Recipes - Vegetarian

Chestnut soup with pumpkin or parsnips

As a child growing up in England I had hours of fun playing ‘Conkers’. Conkers is a game that involves tying a piece of string to a horse chestnut (or conker) and then smashing the conker of your opponent. The two players take turns until one player’s conker breaks. The first game apparently took place back in 1848 and even today I’d be surprised to hear of conkers being wiped out by iPhones and other gadgets.

Chestnut soup with pumpkin or parsnipsThe conker comes from the horse chestnut tree; a tree that’s found in abundance all over the UK. Here in Sydney, 17,000 km away, our chestnuts are even more useful – because they’re edible. The chestnut season in Australia runs from March to June. So a couple of weeks ago I bought a big bag at my local farmers market and decided to share some chestnut love here. Before sharing the soup recipe itself I wanted to talk about the nutritional content of chestnuts and how to prepare them.

Chestnut soup with pumpkin or parsnipsNutritional information

Chestnuts unlike other nuts contain very little fat or oil. They are:

  • Made up of low GI carbohydrates ( 32.1g per 100g)
  • Packed with fibre (14.9g per 100g)
  • Very low on sugar
  • Gluten free

They store well in a plastic bag in the crisper section of your refrigerator for 2-3 weeks.

The 3 steps to prepare chestnuts 

1. Cut: Place the chestnut on its flat side and cut or score half way around the nut, piercing both the outer shell and inner skin (use a sharp knife).

2. Cook: You have a few options:

  • Roast/bake – cook chestnuts in the oven at 200C until the shells open along the cut (around 15 minutes).
  • Microwave – place a single layer of chestnuts in a covered container on high (850 watts) for 2-3 minutes until the shells opens and the flesh is soft.
  • Boil/steam – add chestnuts to a pan of cold water or a steamer, cover and bring to the boil, then simmer for 15-20 minutes until shells open.

3. Peel: Use a tea towel to wrap the cooked chestnuts. After a few minutes (while they’re still hot) peel off the outer shell and inner skin.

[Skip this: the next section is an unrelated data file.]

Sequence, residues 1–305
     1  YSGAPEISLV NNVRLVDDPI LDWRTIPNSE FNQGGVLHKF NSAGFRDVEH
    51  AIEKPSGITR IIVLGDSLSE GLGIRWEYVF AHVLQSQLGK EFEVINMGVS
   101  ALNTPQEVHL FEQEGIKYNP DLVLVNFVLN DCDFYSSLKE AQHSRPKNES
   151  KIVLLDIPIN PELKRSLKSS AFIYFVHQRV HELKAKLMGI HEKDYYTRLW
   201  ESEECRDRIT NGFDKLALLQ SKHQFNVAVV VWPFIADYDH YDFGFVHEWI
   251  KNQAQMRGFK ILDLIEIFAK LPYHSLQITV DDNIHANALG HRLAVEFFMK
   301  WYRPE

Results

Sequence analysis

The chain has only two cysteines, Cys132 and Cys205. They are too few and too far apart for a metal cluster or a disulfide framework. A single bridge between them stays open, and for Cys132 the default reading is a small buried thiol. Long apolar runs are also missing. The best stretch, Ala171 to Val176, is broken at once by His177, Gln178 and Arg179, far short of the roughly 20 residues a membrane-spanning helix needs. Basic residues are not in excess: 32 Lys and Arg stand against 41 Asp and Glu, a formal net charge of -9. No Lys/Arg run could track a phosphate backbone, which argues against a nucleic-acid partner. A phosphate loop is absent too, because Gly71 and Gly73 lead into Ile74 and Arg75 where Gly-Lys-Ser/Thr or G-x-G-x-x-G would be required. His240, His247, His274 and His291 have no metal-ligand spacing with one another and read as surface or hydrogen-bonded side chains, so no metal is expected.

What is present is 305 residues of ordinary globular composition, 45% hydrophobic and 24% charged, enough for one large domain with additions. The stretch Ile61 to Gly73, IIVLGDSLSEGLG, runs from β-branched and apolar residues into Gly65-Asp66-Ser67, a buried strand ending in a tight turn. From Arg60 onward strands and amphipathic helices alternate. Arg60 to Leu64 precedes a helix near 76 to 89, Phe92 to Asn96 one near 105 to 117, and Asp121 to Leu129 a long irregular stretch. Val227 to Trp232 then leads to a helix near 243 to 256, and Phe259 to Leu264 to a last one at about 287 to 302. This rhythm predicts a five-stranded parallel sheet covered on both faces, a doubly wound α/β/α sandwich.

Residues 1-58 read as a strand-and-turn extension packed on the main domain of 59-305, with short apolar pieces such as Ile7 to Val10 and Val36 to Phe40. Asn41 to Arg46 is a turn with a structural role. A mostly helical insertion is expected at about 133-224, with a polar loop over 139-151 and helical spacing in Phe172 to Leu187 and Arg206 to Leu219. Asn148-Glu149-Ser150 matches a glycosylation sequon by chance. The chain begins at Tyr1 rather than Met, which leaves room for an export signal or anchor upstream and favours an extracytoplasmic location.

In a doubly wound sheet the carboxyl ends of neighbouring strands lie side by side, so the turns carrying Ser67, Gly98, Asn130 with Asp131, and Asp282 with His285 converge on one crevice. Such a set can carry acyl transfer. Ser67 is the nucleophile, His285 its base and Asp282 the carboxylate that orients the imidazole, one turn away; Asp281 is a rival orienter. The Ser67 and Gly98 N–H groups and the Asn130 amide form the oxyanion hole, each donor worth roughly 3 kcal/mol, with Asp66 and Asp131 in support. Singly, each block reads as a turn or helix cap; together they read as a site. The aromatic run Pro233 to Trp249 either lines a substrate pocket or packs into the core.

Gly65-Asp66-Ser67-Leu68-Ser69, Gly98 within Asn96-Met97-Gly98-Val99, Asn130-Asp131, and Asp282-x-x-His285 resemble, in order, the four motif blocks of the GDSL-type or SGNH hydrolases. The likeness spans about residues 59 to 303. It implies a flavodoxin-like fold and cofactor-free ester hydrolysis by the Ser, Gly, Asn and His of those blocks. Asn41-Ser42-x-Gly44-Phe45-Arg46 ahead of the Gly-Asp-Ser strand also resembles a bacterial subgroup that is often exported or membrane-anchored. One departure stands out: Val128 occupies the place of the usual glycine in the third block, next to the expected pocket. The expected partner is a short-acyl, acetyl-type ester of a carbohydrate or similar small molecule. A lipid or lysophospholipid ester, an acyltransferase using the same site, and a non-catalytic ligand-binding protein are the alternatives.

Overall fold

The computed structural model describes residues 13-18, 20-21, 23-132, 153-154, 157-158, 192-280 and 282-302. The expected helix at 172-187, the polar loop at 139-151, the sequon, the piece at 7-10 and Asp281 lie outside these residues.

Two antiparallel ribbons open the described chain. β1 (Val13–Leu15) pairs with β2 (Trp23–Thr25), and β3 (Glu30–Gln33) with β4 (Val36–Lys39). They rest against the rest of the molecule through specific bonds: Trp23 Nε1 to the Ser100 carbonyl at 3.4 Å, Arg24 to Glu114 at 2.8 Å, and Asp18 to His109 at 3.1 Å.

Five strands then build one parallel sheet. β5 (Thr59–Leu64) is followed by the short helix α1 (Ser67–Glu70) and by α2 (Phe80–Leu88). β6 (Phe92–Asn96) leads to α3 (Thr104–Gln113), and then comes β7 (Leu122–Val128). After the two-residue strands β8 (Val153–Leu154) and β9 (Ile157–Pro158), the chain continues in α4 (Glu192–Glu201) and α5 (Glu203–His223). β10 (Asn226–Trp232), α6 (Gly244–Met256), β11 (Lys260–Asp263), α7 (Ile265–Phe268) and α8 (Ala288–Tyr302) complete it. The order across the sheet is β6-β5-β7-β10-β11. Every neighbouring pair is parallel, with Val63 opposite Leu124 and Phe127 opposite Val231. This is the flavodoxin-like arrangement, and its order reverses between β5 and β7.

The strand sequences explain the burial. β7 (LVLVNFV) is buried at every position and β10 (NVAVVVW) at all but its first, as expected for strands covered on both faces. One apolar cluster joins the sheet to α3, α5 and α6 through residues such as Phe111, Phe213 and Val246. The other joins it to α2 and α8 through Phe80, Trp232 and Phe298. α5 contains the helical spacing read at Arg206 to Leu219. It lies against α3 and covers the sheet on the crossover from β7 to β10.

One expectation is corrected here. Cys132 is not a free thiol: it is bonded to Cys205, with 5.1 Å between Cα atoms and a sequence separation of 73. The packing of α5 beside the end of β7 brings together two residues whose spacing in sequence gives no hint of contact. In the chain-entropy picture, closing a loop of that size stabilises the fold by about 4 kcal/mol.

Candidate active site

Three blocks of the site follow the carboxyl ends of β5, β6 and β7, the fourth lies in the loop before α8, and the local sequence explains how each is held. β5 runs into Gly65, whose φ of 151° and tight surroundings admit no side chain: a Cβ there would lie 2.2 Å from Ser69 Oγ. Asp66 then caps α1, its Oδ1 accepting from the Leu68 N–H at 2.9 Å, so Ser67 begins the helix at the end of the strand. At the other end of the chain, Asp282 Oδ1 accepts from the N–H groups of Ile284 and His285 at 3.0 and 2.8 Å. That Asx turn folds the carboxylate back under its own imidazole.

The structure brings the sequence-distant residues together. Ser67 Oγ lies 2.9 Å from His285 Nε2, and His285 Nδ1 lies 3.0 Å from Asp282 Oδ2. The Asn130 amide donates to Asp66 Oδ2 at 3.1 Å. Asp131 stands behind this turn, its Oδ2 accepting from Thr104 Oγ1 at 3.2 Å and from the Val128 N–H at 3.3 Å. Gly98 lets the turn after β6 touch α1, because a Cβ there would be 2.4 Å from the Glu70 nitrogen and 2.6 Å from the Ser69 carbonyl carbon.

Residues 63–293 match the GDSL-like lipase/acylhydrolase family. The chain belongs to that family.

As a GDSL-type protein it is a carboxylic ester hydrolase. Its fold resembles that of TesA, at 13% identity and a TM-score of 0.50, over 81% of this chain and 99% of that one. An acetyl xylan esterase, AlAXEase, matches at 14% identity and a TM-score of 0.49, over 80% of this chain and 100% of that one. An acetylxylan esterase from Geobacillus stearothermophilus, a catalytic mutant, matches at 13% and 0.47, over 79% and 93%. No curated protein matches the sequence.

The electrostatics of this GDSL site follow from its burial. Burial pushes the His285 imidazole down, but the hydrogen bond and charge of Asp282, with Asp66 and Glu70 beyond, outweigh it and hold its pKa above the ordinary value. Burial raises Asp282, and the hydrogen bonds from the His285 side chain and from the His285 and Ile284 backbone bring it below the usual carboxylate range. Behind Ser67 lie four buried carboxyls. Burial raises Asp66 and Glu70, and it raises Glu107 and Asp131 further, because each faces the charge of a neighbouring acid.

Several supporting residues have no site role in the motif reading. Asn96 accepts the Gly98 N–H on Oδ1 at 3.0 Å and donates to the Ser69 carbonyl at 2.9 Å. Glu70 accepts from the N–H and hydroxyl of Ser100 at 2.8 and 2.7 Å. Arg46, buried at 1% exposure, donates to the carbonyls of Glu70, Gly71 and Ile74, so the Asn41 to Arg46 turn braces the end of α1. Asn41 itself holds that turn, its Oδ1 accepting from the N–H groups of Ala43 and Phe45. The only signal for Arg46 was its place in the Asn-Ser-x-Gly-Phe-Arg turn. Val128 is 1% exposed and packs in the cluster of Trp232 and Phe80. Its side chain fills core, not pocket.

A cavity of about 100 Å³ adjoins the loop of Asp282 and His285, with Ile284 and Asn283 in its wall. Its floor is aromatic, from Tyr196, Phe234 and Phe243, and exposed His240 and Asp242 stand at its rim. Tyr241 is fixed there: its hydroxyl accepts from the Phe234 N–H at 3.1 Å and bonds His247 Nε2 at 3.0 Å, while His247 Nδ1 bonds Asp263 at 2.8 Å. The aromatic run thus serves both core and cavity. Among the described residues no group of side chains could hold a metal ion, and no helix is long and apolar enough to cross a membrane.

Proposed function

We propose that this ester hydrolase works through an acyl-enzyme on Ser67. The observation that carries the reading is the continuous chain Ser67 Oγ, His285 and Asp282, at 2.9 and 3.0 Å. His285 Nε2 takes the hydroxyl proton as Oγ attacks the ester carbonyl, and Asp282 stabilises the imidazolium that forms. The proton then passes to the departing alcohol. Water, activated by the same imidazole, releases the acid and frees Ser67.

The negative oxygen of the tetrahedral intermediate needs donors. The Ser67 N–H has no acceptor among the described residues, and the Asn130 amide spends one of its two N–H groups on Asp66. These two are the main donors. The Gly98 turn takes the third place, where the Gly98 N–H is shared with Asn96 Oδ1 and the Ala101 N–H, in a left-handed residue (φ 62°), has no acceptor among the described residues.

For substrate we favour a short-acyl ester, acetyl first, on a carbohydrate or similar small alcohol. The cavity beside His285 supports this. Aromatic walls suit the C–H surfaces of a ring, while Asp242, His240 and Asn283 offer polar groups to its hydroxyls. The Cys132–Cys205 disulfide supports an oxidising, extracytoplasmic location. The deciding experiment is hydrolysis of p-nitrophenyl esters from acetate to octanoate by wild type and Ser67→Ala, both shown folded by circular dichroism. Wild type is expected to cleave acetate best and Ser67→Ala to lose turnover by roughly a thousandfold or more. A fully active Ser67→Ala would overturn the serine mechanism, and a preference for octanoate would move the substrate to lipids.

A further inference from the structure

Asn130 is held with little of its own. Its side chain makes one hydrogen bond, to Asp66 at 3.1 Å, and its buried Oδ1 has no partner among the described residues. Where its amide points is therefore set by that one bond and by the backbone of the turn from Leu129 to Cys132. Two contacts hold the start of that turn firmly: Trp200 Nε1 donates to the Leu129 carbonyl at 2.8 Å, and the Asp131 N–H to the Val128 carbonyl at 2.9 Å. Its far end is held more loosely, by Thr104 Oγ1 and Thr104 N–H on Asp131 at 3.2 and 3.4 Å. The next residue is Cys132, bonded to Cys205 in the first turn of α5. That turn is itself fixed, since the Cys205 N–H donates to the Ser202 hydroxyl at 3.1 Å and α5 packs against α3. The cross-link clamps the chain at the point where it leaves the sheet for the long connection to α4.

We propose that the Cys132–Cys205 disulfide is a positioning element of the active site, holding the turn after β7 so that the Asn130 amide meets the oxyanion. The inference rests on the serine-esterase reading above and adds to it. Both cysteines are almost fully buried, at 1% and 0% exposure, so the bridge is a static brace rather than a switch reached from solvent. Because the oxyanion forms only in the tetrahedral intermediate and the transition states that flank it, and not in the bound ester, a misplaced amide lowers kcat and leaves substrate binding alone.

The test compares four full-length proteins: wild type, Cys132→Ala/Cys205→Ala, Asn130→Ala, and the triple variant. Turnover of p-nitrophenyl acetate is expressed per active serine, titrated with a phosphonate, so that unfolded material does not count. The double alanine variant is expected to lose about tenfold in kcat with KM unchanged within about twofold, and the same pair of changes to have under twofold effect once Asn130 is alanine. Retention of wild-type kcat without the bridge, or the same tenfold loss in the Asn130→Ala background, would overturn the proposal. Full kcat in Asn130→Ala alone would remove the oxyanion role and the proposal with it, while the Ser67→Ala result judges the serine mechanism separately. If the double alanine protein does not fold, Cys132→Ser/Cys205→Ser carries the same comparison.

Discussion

RECIPE – Chestnut soup with pumpkin or parsnips

Pumpkin and chestnut soupSoup is a classic and easy way to hero chestnuts in an Autumn or Winter dish. And chestnuts pair perfectly with pumpkin and parsnips. I choose to make chestnut pumpkin soup, but whether you use pumpkin or parsnips the quantities here serve 2-4 people.

  • 300g chestnuts peeled – prepared as per the 3 steps above (equates 500g unpeeled)
  • 300g chopped parsnips OR 300g cubed pumpkin (ideally butternut pumpkin)
  • 40g butter
  • 1 onion, chopped
  • Couple of celery stalks, chopped
  • 1-2 cups chicken or vegetable stock (depending on how thick you like your soup)
  • Salt & pepper
  • 100ml to 200ml cream or natural yoghurt
  • Pinch of nutmeg
  • 1 tbsp fresh herbs chopped – parsley and/or sage

Chestnut soup with pumpkin or parsnips

Chestnut soup with pumpkin or parsnipsMethod

  1. Melt butter in a large saucepan and sauté the onions and celery.
  2. Add all of the other ingredients except the cream/yogurt and bring to the boil.
  3. Reduce to a simmer and cook until the chestnuts and pumpkin/parsnips are soft and tender.
  4. Process to a purée with a food processor. Check the seasoning and add more salt/pepper as needed.
  5. Add the cream or yoghurt and reheat the soup to serve.

Optional – reserve a few chopped chestnuts and/or some extra fresh herbs for garnishing

Pumpkin and chestnut soupAnd just in case you want to know more about chestnuts here are some common chestnut varieties:

  • Red Spanish and Buffalo Queen varieties – better boiled/steamed than roasted
  • Purton’s Pride – all-purpose, easy to peel
  • De Coppi Marone – easy to peel, rich and sweet flavour

I’d love to hear your favourite chestnut recipes…..

By Laura (Feast Wisely)

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8 thoughts on “Chestnut soup with pumpkin or parsnips

  1. What a wonderful autumn soup! We have chestnut trees all over our city and I always love the fall when you can find loads of chestnuts on the ground. I’m not sure if they are edible or not!

    • Thanks so much – yes I love the flavour of chestnuts – not sure if your local ones would be edible – perhaps try and find out the name of the tree….you could always play a game of conkers if not!

  2. I have so many fond memories of chestnuts… both the ‘conker’ kind (as an English girl myself, though I’ve been in Australia longer than England now!) and the edible kind, scored and chucked into the fireplace at my grandparent’s house in Staines. We’d scrape out the blackened shells with barbecue tongs to unearth the steaming, delicious roasted interior. I LOVE them. So many good memories!!! I actually have a few in the refrigerator right now, my mum bought them from a market a couple of weeks ago. You’ve inspired me to actually make something with them, rather than just roasting them to eat on their own. Loved reading your memories too 🙂 xx

    • Thanks Laura – and you’ve inspired me now to do the opposite and eat them on their own. I also love them in stuffing with sage and pork mince……and I recently saw a recipe for chestnut and beetroot soup from Neil Perry which looked interesting!

  3. I love the smell of roasted chestnuts (and the flavor too!), but I’ve never try cooking them before…now I think I will try! Thanks for sharing! 🙂

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